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Featured Börse Bündnis 90Die Grünen Geschichte texttospeech Christian Thiel

The hottest fabric of the new year

The crimson in the New Year's fireworks comes from lithium, the third element on the periodic table.

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The hottest fabric of the new year

The crimson in the New Year's fireworks comes from lithium, the third element on the periodic table. Lithium is the stuff of the hour. Mobile humanity sees its future in the lithium-ion battery. The electric car is intended to slow down global warming caused by fossil emissions.

But even this utopia has its price: During lithium mining in the Atacama Desert, 20 million liters of groundwater are pumped out of an area as big as Berlin with the rock every day. The whole of Chile lives from the ore and lets its drinking water evaporate in return. And the world suddenly has a lithium debate.

"Lithium" by Nirvana was released on the 1991 album "Nevermind" and also as a single in 1992. Kurt Cobain sang that he was happy today because he had new friends, they were in his head. "And I'm not scared / Light my candles in a daze / Cause I've found god": He is not afraid and lights a candle in the twilight because he has found God.

"Lithium" is anything but a revival anthem. The salvation for Kurt Cobain lay in the lithium itself, which only provides the title of his song and is no longer mentioned in the lyrics. God is lithium, after hydrogen and helium the third building block of matter from the sun's atomic meltdown.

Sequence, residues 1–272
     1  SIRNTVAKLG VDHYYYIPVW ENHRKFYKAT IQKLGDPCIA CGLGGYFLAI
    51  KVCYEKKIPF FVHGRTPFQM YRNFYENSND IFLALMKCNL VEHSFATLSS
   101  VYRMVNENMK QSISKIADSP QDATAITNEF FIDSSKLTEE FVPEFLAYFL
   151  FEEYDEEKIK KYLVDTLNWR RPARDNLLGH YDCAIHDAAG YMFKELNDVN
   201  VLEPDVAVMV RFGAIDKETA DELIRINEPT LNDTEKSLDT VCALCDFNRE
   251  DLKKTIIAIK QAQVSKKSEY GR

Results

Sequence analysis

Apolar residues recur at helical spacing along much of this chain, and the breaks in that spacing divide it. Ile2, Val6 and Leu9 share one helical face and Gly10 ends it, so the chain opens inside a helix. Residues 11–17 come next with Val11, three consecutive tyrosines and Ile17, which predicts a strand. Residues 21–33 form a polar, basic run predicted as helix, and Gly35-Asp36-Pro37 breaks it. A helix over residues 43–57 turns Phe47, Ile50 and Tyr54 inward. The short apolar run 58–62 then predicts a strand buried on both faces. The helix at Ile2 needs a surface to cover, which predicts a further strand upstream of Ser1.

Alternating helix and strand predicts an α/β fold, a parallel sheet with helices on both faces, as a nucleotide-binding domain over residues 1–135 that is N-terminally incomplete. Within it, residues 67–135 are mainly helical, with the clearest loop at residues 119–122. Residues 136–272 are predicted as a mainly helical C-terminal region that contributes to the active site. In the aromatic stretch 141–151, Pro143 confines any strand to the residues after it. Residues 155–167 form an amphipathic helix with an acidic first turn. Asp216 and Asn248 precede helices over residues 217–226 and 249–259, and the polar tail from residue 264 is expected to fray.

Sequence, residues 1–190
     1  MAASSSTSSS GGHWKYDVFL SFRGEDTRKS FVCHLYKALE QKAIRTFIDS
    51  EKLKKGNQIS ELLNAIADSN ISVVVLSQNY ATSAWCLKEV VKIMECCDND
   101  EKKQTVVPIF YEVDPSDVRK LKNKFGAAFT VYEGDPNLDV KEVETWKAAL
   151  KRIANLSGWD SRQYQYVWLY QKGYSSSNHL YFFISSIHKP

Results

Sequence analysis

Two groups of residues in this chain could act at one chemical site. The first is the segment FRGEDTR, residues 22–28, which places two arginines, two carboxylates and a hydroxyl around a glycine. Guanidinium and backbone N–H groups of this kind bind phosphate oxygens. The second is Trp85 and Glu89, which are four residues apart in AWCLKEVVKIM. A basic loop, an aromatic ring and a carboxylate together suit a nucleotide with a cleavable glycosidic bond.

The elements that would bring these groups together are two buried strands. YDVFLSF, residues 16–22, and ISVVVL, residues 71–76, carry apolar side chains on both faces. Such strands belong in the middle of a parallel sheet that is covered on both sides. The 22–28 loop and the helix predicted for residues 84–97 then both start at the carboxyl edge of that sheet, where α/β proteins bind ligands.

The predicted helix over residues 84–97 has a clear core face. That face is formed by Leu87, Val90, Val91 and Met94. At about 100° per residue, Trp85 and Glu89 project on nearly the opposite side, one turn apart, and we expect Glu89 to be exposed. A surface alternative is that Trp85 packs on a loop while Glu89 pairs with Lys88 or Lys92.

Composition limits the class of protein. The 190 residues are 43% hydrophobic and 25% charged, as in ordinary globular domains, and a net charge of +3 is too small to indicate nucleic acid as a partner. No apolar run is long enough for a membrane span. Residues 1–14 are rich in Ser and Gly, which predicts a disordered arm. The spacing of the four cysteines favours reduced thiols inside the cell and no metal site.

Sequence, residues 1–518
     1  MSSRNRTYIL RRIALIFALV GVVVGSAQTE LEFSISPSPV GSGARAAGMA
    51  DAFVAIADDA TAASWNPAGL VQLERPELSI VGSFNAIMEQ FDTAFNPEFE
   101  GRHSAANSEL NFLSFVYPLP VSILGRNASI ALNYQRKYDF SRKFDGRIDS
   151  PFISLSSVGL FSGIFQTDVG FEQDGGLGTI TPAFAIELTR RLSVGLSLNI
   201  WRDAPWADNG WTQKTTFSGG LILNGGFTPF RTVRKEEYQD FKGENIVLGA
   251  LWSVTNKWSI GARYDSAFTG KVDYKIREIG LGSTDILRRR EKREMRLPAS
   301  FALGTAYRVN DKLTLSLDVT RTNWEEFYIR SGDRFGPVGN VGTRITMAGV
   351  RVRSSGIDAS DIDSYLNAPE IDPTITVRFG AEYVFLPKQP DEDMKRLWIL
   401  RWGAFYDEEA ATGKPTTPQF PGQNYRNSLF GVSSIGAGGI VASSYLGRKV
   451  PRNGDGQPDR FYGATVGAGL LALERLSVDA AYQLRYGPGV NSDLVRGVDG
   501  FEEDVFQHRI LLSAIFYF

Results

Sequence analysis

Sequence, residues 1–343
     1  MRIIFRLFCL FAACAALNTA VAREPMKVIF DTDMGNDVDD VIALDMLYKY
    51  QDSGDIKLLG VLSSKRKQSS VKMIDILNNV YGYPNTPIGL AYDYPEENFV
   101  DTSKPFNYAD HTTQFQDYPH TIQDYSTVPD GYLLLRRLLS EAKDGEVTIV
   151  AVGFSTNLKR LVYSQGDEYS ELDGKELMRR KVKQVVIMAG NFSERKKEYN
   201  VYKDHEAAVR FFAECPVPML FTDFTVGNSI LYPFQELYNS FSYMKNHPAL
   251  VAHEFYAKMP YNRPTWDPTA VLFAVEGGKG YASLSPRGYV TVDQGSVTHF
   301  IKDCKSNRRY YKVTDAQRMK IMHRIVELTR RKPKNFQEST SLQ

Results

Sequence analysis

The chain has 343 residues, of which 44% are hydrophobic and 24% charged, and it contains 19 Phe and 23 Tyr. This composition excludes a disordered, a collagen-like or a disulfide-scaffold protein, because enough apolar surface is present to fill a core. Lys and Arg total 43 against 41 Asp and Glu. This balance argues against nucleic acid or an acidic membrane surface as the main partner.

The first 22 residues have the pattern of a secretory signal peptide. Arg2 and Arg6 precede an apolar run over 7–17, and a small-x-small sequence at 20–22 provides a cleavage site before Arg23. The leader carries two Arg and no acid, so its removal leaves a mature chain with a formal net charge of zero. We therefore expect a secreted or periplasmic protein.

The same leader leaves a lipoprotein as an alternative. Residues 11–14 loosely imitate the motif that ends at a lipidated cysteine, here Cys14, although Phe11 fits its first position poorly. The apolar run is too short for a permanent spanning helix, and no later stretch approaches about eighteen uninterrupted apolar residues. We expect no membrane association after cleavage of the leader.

Late Romanticism already knew about the effectiveness of lithium salts against melancholy. Lithium carbonate did not come onto the market as an antidepressant until 1967. To this day, chemistry and pharmacy do not know exactly why a simple element regulates biorhythms and reduces depression.

Poet Robert Lowell was famous for his lithium literature, but even more so for his bi-polar, non-lithium poetry. Before he died in 1977, he wrote in a letter: "It is a terrifying thought that everything I have suffered and all the suffering I have caused could possibly be explained by a tiny lack of salt in my brain. "

In his verses, Kurt Cobain sings about the suffering and the relief provided by lithium. In the chorus he only screams maniacally "Yeah!" 13 times "Yeah!" At an award ceremony for the video for the song, a collage of concert scenes, he smashed his own instruments with Nirvana in the tradition of the artist Gustav Metzger and the band The Who. Two years later he took his own life.

"Lithium", like any great song, is bigger than whoever wrote and sang it - and it's only getting bigger. When you hear it today at the beginning of 1923, you don't just think of lithium as a remedy. It is an element of hope: lithium forms isotopes that can be converted into tritium, heavy hydrogen, for nuclear fusion.

This is how the old year came to an end: in the Livermore laboratory in California, such a nuclear fusion took place as the foreshadowing of a brave new world that no longer knew energy worries. Mankind would have their own little solar power plants. "Sunday morning is everyday for all," Kurt Cobain sings in "Lithium." Every day would be a Sunday morning.

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